There are already far more fossil fuels currently being produced or under construction than could be burned if the world is to limit warming to 1.5C, according to a recent report by the UN Environment Programme.

Will richer countries pay for climate change?

As COP28 got under way, it was announced that the “loss and damage” fund can start handing out money.

The fund was agreed at COP27. The idea is that richer countries will pay poorer countries already facing the effects of climate change – because richer countries have contributed most to global warming.

But the details of how it will work have remained deeply contested, with richer countries like the US reluctant to accept liability for past emissions.

While a relatively small amount of money was pledged on the opening day of COP28, getting the fund up and going is seen as a crucial step in building trust between richer and poorer countries.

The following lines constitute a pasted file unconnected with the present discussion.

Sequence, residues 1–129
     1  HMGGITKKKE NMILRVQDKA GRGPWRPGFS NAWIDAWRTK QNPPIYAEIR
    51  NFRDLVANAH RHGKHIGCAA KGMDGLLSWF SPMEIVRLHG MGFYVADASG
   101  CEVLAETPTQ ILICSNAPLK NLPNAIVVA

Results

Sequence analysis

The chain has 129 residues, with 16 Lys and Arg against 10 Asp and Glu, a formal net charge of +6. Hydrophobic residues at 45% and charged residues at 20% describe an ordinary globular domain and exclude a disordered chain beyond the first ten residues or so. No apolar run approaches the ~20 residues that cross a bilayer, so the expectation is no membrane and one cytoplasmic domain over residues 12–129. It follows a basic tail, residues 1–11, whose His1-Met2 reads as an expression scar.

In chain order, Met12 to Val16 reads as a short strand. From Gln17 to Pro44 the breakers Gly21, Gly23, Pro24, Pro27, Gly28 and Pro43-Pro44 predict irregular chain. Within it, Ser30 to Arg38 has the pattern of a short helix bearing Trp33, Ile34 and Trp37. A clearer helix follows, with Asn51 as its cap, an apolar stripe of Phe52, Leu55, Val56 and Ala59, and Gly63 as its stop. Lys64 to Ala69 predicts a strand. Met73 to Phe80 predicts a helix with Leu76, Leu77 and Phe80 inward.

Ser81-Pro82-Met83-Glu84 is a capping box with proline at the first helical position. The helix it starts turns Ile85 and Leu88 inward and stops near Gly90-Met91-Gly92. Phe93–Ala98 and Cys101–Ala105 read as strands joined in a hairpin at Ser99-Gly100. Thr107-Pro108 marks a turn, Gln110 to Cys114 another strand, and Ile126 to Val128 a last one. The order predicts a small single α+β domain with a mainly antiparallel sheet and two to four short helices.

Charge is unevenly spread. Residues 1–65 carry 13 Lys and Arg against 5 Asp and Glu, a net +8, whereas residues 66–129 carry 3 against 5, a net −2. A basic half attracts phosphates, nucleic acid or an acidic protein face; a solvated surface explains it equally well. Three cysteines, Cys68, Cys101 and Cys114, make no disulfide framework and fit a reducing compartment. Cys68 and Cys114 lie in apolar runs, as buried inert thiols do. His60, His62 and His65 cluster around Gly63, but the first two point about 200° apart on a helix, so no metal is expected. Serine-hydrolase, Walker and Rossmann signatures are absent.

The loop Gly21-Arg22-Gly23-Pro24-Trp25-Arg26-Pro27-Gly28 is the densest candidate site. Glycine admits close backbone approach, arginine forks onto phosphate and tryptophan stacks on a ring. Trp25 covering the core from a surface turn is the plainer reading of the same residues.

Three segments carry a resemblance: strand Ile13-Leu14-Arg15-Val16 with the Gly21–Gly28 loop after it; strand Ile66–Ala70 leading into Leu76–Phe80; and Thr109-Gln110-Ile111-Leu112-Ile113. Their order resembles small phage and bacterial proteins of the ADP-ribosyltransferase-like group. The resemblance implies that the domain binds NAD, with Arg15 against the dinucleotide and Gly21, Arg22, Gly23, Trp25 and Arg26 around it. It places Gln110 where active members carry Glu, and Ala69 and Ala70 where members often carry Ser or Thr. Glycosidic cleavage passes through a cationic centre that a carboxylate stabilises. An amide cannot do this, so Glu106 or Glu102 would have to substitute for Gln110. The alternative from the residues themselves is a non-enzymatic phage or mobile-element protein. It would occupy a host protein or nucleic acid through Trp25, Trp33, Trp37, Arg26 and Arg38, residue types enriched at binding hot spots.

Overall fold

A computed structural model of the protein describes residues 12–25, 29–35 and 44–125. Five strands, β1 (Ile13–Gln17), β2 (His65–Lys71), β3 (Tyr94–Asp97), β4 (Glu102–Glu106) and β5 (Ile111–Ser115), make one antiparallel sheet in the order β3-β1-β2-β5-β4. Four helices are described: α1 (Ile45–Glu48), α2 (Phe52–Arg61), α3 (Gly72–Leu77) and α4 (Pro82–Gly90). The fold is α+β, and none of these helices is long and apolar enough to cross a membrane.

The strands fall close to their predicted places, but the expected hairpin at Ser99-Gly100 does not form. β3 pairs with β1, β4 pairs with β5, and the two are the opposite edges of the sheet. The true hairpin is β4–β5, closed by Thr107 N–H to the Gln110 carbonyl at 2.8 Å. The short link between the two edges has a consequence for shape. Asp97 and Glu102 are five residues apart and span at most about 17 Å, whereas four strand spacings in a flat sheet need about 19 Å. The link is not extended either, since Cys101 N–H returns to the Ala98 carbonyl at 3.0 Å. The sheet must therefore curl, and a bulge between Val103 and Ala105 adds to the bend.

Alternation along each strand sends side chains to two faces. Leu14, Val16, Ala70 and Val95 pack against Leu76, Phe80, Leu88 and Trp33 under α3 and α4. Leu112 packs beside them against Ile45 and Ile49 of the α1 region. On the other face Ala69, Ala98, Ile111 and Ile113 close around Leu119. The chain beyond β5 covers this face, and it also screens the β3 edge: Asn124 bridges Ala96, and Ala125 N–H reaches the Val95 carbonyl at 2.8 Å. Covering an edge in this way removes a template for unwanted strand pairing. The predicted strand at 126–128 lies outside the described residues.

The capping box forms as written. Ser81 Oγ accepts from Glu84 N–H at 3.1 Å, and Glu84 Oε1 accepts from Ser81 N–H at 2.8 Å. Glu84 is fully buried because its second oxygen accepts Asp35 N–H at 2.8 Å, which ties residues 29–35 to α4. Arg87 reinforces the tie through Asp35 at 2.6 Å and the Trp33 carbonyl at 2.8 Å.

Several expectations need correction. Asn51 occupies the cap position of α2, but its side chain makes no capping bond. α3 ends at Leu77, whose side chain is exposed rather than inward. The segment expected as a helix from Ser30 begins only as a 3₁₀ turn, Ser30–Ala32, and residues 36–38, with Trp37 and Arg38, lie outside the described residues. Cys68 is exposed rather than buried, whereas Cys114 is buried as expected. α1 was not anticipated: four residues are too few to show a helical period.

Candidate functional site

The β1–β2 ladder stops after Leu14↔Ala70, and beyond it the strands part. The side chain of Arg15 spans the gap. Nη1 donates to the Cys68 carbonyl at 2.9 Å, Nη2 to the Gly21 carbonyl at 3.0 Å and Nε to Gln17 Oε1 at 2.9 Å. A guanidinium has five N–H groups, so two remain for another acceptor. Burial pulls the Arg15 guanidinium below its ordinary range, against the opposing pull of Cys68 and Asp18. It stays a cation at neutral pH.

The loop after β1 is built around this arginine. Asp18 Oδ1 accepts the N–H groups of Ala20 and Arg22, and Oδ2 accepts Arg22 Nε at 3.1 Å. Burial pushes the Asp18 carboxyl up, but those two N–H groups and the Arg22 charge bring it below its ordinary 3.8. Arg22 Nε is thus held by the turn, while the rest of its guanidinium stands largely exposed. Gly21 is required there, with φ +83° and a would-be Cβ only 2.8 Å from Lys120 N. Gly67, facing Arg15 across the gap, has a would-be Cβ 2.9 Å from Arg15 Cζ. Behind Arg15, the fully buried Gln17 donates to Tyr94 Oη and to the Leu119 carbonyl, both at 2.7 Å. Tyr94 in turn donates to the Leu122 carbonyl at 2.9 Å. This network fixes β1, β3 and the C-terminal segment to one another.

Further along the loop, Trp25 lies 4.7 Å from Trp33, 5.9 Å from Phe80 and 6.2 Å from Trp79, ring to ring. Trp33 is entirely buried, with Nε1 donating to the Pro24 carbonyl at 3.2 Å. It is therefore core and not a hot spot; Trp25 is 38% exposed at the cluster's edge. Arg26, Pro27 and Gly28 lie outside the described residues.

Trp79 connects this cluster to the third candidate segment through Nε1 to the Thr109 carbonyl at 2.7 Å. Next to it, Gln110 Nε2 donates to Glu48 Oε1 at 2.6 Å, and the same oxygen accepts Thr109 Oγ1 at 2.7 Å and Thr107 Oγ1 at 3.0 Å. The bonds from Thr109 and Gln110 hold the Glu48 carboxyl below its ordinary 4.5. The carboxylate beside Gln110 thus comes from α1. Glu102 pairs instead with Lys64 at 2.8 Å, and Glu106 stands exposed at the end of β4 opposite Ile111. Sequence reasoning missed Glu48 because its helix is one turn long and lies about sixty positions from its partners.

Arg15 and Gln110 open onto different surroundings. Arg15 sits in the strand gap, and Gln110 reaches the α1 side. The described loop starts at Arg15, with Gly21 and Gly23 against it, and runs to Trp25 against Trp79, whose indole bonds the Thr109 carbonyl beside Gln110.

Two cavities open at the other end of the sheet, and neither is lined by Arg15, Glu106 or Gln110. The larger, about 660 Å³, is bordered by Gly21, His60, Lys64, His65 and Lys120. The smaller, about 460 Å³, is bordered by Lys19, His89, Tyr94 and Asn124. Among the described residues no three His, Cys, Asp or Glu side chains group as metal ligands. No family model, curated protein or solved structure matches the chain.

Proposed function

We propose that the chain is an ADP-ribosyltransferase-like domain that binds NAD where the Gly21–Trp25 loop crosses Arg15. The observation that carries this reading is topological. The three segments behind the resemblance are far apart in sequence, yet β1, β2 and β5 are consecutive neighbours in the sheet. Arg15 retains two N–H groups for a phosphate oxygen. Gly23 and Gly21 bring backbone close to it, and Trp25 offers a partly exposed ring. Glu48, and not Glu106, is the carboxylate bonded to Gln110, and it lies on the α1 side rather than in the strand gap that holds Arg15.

Separately, in 2009, developed countries pledged to give $100bn (£82bn) a year to developing countries by 2020, to help them reduce emissions and prepare for climate change.

The target was missed in 2020, but is “likely” to be met by 2022, according to preliminary data. It is hoped that COP28 will help to establish the next steps for advancing the $100bn pledge.

Will COP28 make any difference?

Critics of previous COPs, including campaigner Greta Thunberg, accuse the summits of “greenwashing” – where countries and businesses promote their climate credentials without making the changes needed.

But as world leaders gather, the summits offer the potential for global agreements that go beyond national measures.

For example, the 1.5C warming limit, agreed in Paris at COP21, has driven “near-universal climate action”, according to the UN.

This has helped bring down the level of warming the world can expect – even though the world is still not acting at anywhere near the pace needed to achieve the Paris goals.

Additional reporting by Esme Stallard

– This story was published by the BBC